This series of blog posts is taken from a chapter I wrote for the book, To You and Your Children: Examining the Biblical Doctrine of Covenant Succession, Canon Press, © 2005.
Owning Our Responsibility
Despite all the comfort friends can give, when our children stumble or fall' we still ask ourselves questions such as "Why? What went wrong? What could I have done differently?" Some parents will be too hard on themselves, while others will find a way to shift the blame and excuse themselves of any responsibility. There is no shortage of well-intentioned fellow Christians who will assist in either errant direction. Some pile guilt on the parents while others exonerate them, in case they need the exemption for themselves later. And then there are those many well-meaning, sympathetic people who feel the pain of their suffering friends and simply want to give them comfort and relief. Nevertheless, if we are to grow in the midst of these trials, an honest assessment of the situation is called for—honest in light of the biblical standard.
So we must examine ourselves, not as an act of morbid introspection, but rather to provide to the greatest extent possible a true assessment of what went wrong. This is part of our own sanctification. God gives children to parents who in turn are given the authority and responsibility for raising those children to the glory of God (Mal. 3). The Bible teaches that children are both a reflection of their parents as well as a reflection on their parents. Wise and godly children are a joy to their parents and reflect honor upon them, which is exactly what children are commanded to do toward their parents. Foolish and ungodly children bring sadness and shame to their parents. This is the nature of the covenantal relationship between parents and their children. The sooner we own this responsibility and accept the covenantal connection, the sooner we can get on with recovering from our failures and repairing the broken relationships.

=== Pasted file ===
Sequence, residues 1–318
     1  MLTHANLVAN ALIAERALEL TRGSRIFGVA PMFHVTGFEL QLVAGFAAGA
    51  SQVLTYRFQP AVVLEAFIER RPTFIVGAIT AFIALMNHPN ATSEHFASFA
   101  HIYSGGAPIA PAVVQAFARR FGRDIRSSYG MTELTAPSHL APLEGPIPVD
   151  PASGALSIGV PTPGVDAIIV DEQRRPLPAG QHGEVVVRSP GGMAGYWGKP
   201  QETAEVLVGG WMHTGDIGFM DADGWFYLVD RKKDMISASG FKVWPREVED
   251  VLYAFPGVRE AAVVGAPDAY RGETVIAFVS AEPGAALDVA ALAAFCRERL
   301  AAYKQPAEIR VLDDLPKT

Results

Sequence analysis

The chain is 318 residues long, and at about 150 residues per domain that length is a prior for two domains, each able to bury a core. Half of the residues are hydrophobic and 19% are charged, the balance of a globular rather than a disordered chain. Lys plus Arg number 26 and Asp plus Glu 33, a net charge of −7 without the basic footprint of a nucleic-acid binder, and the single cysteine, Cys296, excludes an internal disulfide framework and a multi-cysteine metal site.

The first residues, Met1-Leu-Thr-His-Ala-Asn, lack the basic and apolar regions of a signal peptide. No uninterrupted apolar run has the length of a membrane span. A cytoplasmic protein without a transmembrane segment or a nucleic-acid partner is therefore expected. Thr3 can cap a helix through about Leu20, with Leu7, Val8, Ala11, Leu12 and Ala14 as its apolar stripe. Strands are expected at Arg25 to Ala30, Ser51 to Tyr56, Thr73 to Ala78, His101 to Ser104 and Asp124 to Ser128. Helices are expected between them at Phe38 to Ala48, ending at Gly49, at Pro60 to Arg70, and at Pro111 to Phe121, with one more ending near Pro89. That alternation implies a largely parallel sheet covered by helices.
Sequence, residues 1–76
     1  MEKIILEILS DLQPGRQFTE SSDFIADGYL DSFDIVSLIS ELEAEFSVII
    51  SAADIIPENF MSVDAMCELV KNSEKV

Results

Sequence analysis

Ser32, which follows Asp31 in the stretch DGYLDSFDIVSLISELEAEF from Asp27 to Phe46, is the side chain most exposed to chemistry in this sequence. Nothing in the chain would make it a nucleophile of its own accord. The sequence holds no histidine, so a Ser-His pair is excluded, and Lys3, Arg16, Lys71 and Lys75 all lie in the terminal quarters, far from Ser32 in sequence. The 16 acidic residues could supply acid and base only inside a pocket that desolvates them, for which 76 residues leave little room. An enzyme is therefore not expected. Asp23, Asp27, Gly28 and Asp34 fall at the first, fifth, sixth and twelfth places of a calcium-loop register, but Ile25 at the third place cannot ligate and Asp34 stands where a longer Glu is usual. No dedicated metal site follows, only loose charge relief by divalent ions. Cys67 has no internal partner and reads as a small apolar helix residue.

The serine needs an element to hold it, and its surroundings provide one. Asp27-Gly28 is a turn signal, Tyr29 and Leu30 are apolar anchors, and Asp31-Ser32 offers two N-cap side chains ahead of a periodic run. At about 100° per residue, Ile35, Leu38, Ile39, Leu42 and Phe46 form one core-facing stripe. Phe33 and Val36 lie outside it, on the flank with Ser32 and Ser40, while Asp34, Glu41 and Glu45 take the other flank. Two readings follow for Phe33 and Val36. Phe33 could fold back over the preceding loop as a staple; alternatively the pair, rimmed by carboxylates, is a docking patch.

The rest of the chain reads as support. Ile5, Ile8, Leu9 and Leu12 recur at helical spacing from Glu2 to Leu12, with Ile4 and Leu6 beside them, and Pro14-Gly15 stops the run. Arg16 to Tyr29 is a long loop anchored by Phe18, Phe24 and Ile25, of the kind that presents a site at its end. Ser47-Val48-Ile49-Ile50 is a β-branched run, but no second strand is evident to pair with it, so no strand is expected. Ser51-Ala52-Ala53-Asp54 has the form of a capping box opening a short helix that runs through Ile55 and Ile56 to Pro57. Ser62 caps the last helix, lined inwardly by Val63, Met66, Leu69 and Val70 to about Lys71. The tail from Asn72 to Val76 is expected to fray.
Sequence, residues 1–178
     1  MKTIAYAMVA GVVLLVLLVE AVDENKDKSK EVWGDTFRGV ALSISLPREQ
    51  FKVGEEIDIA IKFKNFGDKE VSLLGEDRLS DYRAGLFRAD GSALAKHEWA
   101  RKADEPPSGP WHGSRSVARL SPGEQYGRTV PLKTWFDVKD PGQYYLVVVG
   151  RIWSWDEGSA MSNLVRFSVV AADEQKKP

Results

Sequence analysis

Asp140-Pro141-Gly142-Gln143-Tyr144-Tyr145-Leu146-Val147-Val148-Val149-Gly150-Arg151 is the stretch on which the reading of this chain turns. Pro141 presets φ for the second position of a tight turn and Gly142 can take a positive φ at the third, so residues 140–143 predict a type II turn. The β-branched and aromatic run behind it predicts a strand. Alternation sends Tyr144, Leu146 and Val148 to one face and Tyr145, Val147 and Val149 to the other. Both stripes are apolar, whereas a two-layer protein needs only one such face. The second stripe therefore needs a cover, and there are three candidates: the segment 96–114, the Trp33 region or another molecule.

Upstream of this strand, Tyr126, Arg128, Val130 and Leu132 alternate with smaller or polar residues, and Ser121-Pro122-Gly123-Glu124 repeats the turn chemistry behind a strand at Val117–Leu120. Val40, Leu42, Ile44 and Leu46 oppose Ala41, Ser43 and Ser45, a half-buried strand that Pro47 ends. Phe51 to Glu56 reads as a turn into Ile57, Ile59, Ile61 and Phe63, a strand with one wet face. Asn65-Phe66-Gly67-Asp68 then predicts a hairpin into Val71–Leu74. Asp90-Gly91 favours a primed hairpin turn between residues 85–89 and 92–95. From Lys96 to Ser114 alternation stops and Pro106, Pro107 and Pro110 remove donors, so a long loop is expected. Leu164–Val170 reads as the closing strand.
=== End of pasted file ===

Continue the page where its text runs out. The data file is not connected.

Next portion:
Keep in mind that the Bible teaches that our children bear the guilt for their own sins. They have their own sinful nature. Moreover, there are many other people and things that influence and tempt them. God makes it clear that they will be held personally accountable for their own sins (Ezek. 18). Nevertheless, parents are still responsible for what their children are taught, who and what influence them, and other forms of temptation they may be exposed to. This is exactly what God charges parents to do (Gen 18:19). Parental sins and the sins of the child are distinct but connected.
Before we can begin to fix what is broken, parents need to acknowledge their responsibility before God. We must stop making excuses for our children and ourselves and stop shifting the blame to others. The buck stops with us parents. There is a relief and even a joy that comes only by agreeing with God that these children are our responsibility. Now we can honestly evaluate, repent, confess, confront, forgive, and redeem.